He'll tell them not to drink and drive or ride with those who do.
"I want people to learn from my mistake, that drinking and driving can have a devastating effect on your life," McMeans said. "I started drinking as a kid to be cool and then made a terrible decision to drink and drive and it cost me dearly. But no one else has to let that happen to them. That's my mission now... to hopefully prevent what happened to me from happening to someone else."
The presentation will start at 6 p.m. at the CSCC Lewisburg campus. It is free and open to everyone, especially students who are about to start driving, or are already driving.
Staff Sgt. Kyle Grisham of the Counter Drug Task Force will give a drug and alcohol briefing after opening remarks by Elizabeth McDow, director of CSCC's Lewisburg site.
A nationally ranked tennis player as a high school student, McMeans was heavily recruited by colleges and universities. But the University of Tennessee - where his father, Neal McMeans, had been a star football player - won out, offering the athlete a full ride to play tennis.
However, an alcohol problem that began at age 12 and which had evolved into heavy weekend drinking by age 17 was consuming him. When his father died unexpectedly at age 46 of a heart attack, the standout ace turned to alcohol instead of reaching out for help in dealing with the death.
Following the wreck, McMeans was in a coma for three and a half months. When he regained consciousness, he was paralyzed in both arms and legs as well as his right side and was unable to speak. It took him seven years to re-learn how to stand, chew and talk.
Today, McMeans speaks haltingly to teenagers and college students about the dangers of drinking and driving. His goal is to get 1,000,000 students to make a pledge not to drink and drive. He also manages The Promise Tour, a 501(c)(3) foundation dedicated to taking the former tennis star's warning to as many youths as possible.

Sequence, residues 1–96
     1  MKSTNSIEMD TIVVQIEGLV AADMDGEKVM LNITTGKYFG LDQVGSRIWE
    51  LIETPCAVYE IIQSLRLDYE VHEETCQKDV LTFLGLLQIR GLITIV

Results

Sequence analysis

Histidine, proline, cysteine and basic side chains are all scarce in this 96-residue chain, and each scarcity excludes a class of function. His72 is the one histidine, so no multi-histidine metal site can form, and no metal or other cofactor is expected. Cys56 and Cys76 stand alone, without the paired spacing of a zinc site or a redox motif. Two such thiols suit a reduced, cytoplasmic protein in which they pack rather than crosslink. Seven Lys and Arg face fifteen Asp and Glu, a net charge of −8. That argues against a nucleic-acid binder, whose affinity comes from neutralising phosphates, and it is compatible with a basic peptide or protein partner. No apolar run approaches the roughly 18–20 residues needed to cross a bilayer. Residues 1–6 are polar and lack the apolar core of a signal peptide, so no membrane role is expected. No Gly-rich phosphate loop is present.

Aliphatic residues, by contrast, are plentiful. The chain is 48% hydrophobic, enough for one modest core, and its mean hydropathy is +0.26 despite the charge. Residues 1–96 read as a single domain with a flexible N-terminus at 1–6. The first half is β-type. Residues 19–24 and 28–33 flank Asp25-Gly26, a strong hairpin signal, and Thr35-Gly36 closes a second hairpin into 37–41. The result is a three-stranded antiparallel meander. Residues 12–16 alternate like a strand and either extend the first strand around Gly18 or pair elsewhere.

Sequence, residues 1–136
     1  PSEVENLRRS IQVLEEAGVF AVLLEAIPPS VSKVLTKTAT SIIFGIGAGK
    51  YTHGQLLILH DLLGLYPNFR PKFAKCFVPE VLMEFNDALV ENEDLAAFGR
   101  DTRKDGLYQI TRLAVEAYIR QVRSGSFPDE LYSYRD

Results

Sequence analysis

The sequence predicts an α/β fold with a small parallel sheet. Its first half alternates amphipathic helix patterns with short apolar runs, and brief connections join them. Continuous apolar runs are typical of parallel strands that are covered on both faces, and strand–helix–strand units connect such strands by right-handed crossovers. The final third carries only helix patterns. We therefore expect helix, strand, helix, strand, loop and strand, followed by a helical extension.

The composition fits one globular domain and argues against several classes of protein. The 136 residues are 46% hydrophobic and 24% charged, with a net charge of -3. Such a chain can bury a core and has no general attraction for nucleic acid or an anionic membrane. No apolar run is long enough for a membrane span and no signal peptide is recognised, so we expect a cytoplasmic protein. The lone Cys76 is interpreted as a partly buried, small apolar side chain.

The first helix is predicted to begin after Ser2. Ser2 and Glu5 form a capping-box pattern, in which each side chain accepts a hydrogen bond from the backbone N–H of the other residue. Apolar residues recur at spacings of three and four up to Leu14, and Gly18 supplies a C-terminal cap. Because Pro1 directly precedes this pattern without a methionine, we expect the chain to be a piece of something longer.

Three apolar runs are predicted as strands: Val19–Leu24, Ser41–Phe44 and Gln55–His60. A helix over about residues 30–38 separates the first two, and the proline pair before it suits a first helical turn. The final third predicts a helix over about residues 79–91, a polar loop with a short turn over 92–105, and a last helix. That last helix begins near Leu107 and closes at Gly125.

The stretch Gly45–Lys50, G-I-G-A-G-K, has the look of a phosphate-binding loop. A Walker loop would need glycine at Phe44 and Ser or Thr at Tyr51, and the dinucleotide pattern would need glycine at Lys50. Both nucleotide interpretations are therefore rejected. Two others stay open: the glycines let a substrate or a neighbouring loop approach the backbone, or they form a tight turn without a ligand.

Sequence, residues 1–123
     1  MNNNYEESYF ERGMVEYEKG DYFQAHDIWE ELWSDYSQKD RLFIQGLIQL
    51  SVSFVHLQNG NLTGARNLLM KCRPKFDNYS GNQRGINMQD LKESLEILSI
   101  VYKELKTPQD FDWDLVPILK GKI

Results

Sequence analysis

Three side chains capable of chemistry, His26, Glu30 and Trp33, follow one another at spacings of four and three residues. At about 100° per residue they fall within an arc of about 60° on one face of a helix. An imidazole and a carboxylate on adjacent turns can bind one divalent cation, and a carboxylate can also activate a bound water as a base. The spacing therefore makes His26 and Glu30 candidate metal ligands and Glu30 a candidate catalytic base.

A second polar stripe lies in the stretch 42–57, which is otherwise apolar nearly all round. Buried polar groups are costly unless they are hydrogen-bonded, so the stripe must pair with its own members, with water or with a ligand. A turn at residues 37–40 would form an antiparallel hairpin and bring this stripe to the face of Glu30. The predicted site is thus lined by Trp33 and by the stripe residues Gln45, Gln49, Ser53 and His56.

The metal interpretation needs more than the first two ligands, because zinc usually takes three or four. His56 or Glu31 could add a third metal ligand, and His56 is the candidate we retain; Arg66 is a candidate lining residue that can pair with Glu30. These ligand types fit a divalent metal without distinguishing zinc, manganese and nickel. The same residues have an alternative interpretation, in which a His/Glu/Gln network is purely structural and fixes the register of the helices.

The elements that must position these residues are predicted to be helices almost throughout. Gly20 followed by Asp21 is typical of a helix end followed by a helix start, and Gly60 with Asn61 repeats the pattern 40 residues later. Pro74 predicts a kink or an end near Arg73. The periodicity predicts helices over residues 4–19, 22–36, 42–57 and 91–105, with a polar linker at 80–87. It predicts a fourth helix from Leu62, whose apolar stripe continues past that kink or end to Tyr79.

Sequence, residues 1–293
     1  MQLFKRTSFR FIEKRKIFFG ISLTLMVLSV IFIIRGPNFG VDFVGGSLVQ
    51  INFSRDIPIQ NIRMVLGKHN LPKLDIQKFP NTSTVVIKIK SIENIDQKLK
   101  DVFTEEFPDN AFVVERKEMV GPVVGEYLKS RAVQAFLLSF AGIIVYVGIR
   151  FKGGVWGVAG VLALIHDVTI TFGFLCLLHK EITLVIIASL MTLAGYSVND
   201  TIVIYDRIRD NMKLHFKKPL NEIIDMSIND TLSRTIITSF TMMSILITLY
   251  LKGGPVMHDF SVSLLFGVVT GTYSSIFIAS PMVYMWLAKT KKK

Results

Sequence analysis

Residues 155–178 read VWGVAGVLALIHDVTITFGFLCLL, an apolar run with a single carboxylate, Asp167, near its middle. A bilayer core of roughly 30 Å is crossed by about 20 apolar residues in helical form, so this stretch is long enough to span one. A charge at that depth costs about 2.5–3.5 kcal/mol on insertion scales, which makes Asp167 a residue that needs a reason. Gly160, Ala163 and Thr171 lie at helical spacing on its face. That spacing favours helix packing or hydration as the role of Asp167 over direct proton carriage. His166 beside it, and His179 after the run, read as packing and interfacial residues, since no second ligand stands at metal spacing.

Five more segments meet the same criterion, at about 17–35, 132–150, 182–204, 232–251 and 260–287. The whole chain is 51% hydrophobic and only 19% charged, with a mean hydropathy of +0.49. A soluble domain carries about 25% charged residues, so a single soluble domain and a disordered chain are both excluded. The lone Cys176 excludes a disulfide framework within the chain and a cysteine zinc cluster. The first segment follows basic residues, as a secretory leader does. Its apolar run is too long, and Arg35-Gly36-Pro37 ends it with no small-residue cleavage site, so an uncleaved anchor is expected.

"Youths in high schools and colleges today are under a lot of pressure and there's so much temptation to drink and take drugs, but I want to emphasize they shouldn't cope using alcohol or drugs to be cool," McMeans said. "Being popular with friends is not worth your life. Believe me, I know. If I had it to do over again, I'd do things a lot differently. Today, I want to help teens make right decisions."
The former athlete's speaking engagements are underwritten in part by Athens Distributing, Lipman Distributing and the Tennessee Department of Transportation, Governor's Highway Safety Office (GHSO). His appearance in Lewisburg was organized by McDow, Lt. Rebekah Mitchell of the Lewisburg Police Department and Cynthia George of Community Anti-Drug Coalitions Across Tennessee (CADCAT), after the initial contact was made with Linda Williams-Lee, the Board of Education's federal projects director. It is partly funded by a grant through the governor's highway safety office.
Anyone can join McMeans in making a promise by visiting his website - www.blakemcmeans.com -- and clicking on the pledge under the "Promise Tour" button. Or you can follow him on Facebook at "Friends of Blake McMeans" or on Twitter at "blakemcmeans."